As the UK trudges its way out of its latest nationwide lockdown, we face an even greater issue – the climate crisis. Yet one lesson that can be learned from the Covid-19 pandemic is just how quickly we can act when faced with adversity, if society, government, and business work together.
When it comes to the climate crisis, the impact of Covid-19 has not been the negative story that was initially expected. UK consumers, for instance, are increasingly turning to electric vehicles, with demand up 185.9% in 2020 compared with 2019, despite a historic slowdown in car sales. The finance industry, too, has seen a rise in the demand for sustainable and ESG-related (environmental, social, and governance) products, which indicates that sustainable investing has turned a corner despite the grim economic consensus.
Yet more needs to be done to tackle the climate crisis. If we can learn anything from the countries who have most successfully contained the Covid-19 crisis, it is that to act early, and to act comprehensively, has stood them in good stead. Those who failed to act until it was too late are still bearing the brunt today.
Reading the papers, you might think that the scale of the climate crisis has been grasped, yet even the most forward-thinking measures simply do not go far enough. The UK for its part must up its game in the net-zero challenge, harnessing the power of civil society, government, and business to tackle the climate crisis.
One area where consumers, businesses, and government can work together is on electric vehicle adoption. Momentum is building, but much more needs to be done.
First of all, while EV sales grew in 2020, only nine percent of motorists plan to ‘go electric’ when they next purchase a car. A full 78% of drivers are still put off by the price of EVs, indicating that the green alternative is still out of the price range of British motorists. With many in the UK facing unemployment and hardship in the months to come, this is a crucial sticking point for EV adoption.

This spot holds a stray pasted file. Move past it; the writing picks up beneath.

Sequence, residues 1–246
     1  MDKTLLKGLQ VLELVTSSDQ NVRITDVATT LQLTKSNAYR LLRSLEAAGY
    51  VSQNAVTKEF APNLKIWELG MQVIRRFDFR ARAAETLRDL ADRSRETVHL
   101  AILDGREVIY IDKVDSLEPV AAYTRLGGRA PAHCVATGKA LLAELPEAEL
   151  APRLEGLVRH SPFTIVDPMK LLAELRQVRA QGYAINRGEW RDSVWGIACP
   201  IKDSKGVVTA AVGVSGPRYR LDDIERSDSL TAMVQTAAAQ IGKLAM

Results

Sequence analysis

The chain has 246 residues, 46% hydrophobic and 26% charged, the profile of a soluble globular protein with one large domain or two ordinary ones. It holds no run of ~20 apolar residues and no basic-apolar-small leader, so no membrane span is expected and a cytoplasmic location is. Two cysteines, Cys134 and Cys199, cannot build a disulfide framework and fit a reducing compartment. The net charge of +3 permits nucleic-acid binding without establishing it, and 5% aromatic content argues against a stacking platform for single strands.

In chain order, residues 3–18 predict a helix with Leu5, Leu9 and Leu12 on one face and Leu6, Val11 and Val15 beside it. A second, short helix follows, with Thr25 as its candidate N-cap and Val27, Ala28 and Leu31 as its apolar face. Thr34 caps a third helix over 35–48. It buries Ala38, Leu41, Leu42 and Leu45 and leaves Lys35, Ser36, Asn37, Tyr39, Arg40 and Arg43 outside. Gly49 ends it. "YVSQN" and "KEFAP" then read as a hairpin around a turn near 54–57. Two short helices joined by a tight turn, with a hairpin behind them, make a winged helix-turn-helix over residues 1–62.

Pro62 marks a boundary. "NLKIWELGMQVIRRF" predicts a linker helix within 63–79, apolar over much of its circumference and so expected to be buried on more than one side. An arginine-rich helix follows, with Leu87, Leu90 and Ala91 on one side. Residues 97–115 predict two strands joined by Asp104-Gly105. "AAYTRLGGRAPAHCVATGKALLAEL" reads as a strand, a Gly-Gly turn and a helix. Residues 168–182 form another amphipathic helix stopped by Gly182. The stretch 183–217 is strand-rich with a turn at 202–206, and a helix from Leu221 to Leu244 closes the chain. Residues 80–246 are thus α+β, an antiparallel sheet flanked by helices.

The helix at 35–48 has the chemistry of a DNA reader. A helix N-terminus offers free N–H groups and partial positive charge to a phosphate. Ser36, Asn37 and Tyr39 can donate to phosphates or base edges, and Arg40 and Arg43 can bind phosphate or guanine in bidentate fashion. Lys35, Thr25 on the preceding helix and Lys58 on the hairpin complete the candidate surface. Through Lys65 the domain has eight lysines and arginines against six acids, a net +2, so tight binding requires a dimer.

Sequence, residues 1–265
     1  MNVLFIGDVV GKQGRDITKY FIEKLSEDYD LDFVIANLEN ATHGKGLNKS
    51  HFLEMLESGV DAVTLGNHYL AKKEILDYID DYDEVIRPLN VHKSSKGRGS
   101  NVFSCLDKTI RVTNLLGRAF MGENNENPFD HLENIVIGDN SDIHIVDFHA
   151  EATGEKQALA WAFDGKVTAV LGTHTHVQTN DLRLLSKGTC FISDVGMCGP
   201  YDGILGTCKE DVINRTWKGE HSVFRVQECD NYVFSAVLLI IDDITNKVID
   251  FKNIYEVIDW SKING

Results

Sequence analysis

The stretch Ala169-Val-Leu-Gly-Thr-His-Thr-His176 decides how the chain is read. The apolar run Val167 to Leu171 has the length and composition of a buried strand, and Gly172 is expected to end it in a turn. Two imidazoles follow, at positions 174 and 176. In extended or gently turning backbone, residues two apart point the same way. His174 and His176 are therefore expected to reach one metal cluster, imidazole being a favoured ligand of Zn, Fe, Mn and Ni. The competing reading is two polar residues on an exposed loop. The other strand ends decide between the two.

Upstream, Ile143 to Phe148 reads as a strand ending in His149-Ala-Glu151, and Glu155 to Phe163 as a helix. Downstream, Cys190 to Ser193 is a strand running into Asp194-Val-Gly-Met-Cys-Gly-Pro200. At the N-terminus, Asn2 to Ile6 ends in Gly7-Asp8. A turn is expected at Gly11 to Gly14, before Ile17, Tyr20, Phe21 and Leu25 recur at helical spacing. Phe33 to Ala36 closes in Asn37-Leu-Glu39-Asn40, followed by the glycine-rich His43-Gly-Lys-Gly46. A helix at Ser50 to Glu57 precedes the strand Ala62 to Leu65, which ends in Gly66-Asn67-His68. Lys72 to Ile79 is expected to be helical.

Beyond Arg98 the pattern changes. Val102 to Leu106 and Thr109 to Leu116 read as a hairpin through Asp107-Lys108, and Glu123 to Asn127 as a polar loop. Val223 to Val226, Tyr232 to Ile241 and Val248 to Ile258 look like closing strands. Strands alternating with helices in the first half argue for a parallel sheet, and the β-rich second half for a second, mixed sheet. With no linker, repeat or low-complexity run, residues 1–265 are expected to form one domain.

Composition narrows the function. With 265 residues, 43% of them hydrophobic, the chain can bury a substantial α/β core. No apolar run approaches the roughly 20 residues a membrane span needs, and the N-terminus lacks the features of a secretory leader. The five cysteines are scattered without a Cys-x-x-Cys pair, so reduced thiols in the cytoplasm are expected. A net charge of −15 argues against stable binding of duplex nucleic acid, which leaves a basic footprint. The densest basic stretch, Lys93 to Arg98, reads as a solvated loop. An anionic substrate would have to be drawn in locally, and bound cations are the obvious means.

The UK Government already offers a Plug-in Car Grant for electric vehicle owners, but an increase would offer valuable respite. Motorists also favour VAT on zero-emissions vehicles being cut or abolished. Given the UK Government’s much-publicised commitment to phase out the sales of new petrol and diesel cars by 2030, this should be a no-brainer. Instead of focusing energies on how to fund the tax shortfall of this commitment, the focus should be on the short term – how to encourage mass adoption of electric vehicles so that the 2030 target is met as soon as possible.
This is even more urgent given that the UK Government has repeatedly brought forward plans to phase out new petrol and diesel cars.
Secondly, and perhaps more importantly, even if adoption increases, the UK’s EV charging network leaves much to be desired. The UK still places behind the Netherlands, France and Germany in terms of its number of public charge points, and it needs to drastically improve its number of points per EV as demand grows. A briefing produced by the Policy Exchange think tank suggests that in order to prepare for the new 2030 target, new charge points need to be installed at a rate of 35,000 per year, up from the current average of 7000.
Simply installing a number of charge points in densely populated areas won’t work either. Business fleets and drivers in rural locations will all need to have a consistent approach across the whole of the UK if they are to seriously consider EVs. In addition, in order to incentivise consumers, they will need to be convinced that the vehicle will be suitable not only for short trips to and from the shops, but longer trips, too.
As part of its November 2020 announcement, the UK Government pledged £1.3 billion to accelerate the roll-out of charge points – a headache-inducing figure. Yet in January 2021, it announced a pitiful £20 million fund for councils to create on-street charge points by April 2022, providing funding for 8000 on-street chargers. This clearly falls short of the accelerated rollout that is needed.
The Government needs to add to its commitment by bringing business on board, creating better incentives for businesses to install charge points for employees and customers, as well as incentivising them to electrify their own fleets as much as possible.
This Government claims big ambitions when it comes to the electric vehicle revolution, but consumers and businesses alike must hold them to account on their promises. The UK must step up its game in the net-zero challenge – and electric vehicles must be a part of that solution.
Archie MacPherson, group managing director, Pilot Group